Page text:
PITTSBURGH, May 11 /PRNewswire/ -- Democratic candidate for President
Howard Dean's race for the nomination has ended. But he may still have
secured a place in history as the first presidential candidate to rely heavily
A blog, or online diary, according to Laurie Brown, a faculty member of
the Multi-Media and Web Design Department of The Art Institute of California
-- San Francisco, can be defined as "an online diary that relates personal
facts and stories, political opinions, or anything else that the writer wants
Dean's use of blogs allowed him to communicate with voters, speak on
issues, and solicit donations. Many believe Dean's decision to use blogs
helped him reach young and disenfranchised voters and secure an early lead in
While the term blogs is relatively new, Wendi Dunlap-Simpson of The Art
Institute of Seattle explains, "blogging was a natural development from the
basic 'home page.'" Since the web began in the first half of the 1990s, many
individuals began their own personal web pages, often including links they
found of interest. Says Dunlop-Simpson, "Some people updated their web logs
frequently with commentary, while others did so less frequently and without
much commentary. Eventually people started calling the ones that were updated
often with new commentary 'weblogs,' and later 'blogs.'"
For Sean Fitzroy, an Instructor in the Department of Multimedia and Web
Design at The New England Institute of Art, blogs offer a new approach to
classroom learning. Says Fitzroy, "All of the students in my Internet
Technologies class are required to keep a blog. They no longer turn in writing
assignments on paper. Instead they publish their ideas on the World Wide Web
and have the option to review, respond to, and link to other students' blogs.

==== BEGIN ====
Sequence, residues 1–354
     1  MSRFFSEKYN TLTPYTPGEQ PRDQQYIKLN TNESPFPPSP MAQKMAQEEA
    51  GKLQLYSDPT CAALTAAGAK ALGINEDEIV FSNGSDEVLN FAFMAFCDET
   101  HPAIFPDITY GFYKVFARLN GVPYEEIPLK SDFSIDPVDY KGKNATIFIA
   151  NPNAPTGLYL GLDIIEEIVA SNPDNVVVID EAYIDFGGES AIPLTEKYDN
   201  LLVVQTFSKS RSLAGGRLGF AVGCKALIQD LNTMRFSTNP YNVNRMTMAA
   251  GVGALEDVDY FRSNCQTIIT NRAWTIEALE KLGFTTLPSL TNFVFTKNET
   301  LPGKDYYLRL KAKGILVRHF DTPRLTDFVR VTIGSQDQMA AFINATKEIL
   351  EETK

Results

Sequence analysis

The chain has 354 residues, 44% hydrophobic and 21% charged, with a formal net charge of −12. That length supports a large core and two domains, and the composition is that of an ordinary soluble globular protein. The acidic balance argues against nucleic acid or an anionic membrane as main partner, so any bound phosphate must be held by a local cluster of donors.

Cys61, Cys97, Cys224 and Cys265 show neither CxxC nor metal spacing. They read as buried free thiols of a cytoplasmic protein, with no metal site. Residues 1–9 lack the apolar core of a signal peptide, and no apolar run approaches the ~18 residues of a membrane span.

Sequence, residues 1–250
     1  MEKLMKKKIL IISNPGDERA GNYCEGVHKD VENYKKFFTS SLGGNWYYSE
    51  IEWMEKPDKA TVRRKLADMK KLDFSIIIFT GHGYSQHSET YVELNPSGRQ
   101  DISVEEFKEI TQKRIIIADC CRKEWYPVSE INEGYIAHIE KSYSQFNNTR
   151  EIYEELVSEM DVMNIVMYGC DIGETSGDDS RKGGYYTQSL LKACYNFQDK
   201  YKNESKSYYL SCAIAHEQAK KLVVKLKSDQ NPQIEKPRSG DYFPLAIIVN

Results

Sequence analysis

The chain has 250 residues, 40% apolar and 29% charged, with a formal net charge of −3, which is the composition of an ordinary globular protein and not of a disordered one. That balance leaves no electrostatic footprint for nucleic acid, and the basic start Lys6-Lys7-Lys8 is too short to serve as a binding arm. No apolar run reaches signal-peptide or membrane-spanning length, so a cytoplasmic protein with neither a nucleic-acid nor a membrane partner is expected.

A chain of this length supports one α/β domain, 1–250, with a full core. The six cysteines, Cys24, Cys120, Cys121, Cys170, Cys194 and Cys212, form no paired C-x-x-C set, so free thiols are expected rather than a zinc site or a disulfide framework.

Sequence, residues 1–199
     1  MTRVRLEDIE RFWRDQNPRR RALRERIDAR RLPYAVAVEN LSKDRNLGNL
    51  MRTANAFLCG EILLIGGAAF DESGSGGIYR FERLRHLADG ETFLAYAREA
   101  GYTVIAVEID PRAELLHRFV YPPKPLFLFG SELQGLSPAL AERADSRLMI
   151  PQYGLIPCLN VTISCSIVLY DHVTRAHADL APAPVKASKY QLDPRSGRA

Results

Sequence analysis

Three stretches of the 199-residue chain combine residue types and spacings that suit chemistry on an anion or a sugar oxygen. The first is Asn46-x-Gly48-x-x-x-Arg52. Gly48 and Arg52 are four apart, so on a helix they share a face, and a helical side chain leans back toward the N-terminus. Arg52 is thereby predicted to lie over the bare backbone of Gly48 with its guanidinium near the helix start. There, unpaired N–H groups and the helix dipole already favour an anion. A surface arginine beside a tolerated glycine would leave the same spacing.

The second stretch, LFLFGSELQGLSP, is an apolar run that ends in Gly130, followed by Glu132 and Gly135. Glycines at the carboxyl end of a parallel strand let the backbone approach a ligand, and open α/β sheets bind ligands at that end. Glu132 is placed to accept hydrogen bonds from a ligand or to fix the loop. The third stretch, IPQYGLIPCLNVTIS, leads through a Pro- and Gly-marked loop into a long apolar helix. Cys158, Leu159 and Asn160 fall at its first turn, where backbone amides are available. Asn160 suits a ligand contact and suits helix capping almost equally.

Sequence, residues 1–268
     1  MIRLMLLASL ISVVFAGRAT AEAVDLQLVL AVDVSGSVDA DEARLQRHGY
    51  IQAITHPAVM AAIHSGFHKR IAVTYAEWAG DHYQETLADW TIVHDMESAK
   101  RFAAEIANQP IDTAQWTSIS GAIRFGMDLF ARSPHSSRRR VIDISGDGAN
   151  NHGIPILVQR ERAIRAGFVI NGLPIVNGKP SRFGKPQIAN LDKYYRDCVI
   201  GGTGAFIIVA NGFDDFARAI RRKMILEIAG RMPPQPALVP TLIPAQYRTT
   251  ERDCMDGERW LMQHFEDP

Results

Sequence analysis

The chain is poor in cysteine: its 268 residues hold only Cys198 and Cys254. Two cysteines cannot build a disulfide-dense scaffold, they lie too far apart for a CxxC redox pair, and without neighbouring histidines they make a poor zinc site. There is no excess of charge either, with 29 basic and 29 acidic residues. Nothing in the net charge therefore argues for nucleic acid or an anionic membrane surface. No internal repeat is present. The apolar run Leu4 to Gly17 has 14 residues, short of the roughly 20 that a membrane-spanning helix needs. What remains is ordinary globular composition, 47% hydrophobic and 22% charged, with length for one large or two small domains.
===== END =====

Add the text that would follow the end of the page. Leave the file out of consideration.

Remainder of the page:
Fitzroy says blogs can run the gamut, for example, "blogs can be simple
project tracking systems to cathartic 'tell-all' personal diaries, or fall
somewhere in between private and public communication."
Has blogging changed the face of online communication? Perhaps. Robert
A. Emmons Jr., Assistant Academic Director of Multimedia & Web Design at The
Art Institute of Philadelphia says, "After reading many blog entries, I found
some that were astoundingly personal. I imagine that in the back of their
mind, they might be thinking, 'Well, no one is going to read it anyway,' but
many times someone does, someone that can relate to what's being written.
This idea empowers us. To connect," he says.
Not all blogs however are serious in nature. In fact, some of the most
popular blogs can be funny and compelling reflections of their writer's
personal hobbies or obsessions, for example, a blog by and about a fanatical
knitter ( http://www.wendyknits.net /). Blogs can also morph into books.
Julie Powell, a secretary from Staten Island, cooked her way through all 524
recipes from Julia Child's Mastering the Art of French Cooking, and is turning
her online diary ( http://blogs.salon.com/0001399 ) into a book.
Like Dean's blogs, online diaries can be similar to a daily newscast, but
take a smaller, more intimate approach. For example, during the initial
battles in the war in Iraq, an Iraqi student kept a blog about his emotions
and experiences during the first days of "shock and awe." According to
Anthony Moy, instructor in the Multi Media & Web Design department of the
Illinois Institute of Art -- Chicago "the blog allowed many people around the
world to experience the other side of the international conflict from a less
adulterated and personal level."
So what do you need to get started blogging? A computer and an internet
connection, for starters. There are several websites devoted to the art of
blogging. One of the biggest, according to Robert Emmons, is Blogger.com.
Other sites include Weblogs.com, Bloggerforum.com, and Diaryland.com.
Internet watchers say it's too soon to predict the future of blogs. Says
Wendi Dunlop-Simpson, "so much information, and yes, so much blather. But it's
wonderful that worldwide publishing is now available to anybody with a web
site. There are a lot of great writers and great stories out there, and now we
get to see what we would have missed if the Web didn't exist."
The Art Institutes ( www.artinstitutes.edu/nr ), with 30 education
institutions located throughout North America, provide an important source of
design, media arts, fashion and culinary professionals. The Art Institutes
have provided career-oriented education programs for 40 years, with more than
SOURCE The Art Institutes